If you’re at a pub, and ordered a pint you want to get what you paid for not some watered down over priced beer. So if you’re going to be a pagan who is a true polytheist, and isn’t afraid of specifically saying their names when they pour out libations, then use the names that the ancient practitioners called their Gods, their Goddesses. Otherwise take your watered down cheap swill and leave. You’re not helping.
Words have power, meaning and nuance. We know in many instances the words and the meaning of a deity’s name helps to show that power too. In some cases all we have left is their name because Christianity so destroyed everything else. When you lump sum deities as a vague unspecified group, you say they aren’t worthy of learning more about their individual uniqueness. You are saying, even unconsciously, that they are less than.
These Gods and Goddesses had names. They were worshipped by Their names. People died in worship of Them, people STILL die and are tormented in worship of them. So use their names. If you can’t call them by their names, get out of the way for those of us that do. Because by refusing to be specific, you are an active participant in the undermining of these Ancient polytheistic traditions. You are in fact being a destroyer and an active participant in the erosion of our polytheisms.
And if you’re still resisting this concept let me ask you something:
How would you feel if for the rest of your life every family member, friend, lover, co worker, neighbor and stranger merely addressed you by : ‘hey you’, while everyone else was also called ‘hey you’. Imagine if you ask ‘hey you’ to do something, it’ll probably get ignored because how does anyone know who the request was for?
So use Their Names. Be specific in your prayers.
The Morrigan is not Pele, nor are either of those goddesses Aphrodite, let alone are they Taweret. Freya is not Sif, nor is she Sigyn, Syn, Skadi, Hel, Skuld, and so many, many more.
Living in Texas one cannot deny the growing influence of Day of the Dead celebrations. As the Hispanic/Latinx population becomes the largest demographic group second only to the Anglicized population here in Texas (and growing strongly in a population boom across the nation), I have begun to notice major retail store chains starting to carry Day of the Dead themed décor.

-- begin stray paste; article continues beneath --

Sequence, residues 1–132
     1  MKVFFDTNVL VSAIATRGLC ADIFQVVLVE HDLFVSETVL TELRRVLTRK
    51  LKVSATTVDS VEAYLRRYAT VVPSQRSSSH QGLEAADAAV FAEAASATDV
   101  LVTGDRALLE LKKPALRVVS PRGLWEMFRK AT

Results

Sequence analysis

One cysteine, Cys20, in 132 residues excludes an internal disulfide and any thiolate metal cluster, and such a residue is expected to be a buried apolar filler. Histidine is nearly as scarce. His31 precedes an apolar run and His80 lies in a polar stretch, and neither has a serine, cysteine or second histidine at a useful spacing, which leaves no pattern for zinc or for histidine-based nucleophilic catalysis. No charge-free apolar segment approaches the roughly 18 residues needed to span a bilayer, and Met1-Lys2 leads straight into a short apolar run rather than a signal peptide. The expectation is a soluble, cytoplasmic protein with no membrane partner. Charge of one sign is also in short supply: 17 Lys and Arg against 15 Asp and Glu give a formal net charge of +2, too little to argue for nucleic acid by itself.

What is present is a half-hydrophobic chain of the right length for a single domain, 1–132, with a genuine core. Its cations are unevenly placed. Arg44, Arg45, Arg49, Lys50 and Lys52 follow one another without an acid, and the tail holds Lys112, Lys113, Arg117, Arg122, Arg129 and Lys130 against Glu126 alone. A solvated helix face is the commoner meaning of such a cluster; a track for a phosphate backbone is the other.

As a Heathen, I love seeing this ancestral celebration growing in both awareness and popularity, but there are a few things to know before you decide to incorporate the Day of the Dead into your own celebrations. The most important of which is the Day of the Dead is not Mexican Halloween.
The Day of the Dead (or el Día de los Muertos, sometimes simplified to just Dia de Muertos) is a cultural celebration most strongly connected to Mexico (but does appear in other parts of the Americas, especially in what one would consider the traditional region of Mesoamerica, and the connected diaspora of its descended cultures and peoples). At its core the Day of the Dead is a celebration of life, while embracing the knowledge that death is a natural part of the cycle of life. The focus of the celebration is the dead: one’s family, one’s friends, one’s ancestors.
Centuries ago in what we think of as Mexico, there was an Aztec festival in the summer dedicated to the goddess Mictecacihuatl who was Queen of Mictlan (the Underworld). In Aztec art she was represented with a flayed body, and mouth open to swallow the stars during the day. She is married to the God Mictlantecuti who presides over the underworld with her. The flayed body is a common motif among Mesoamerica and neighboring cultures to the Aztecs. Having part of the flesh missing symbolized the connection of that deity to death. For Heathens (Northern Tradition Polytheists) this is a somewhat similar concept to what we see in Gylfaginning, where the Goddess Hel is described as having flesh of two colors, the dark cold of the grave, and the color flush with life.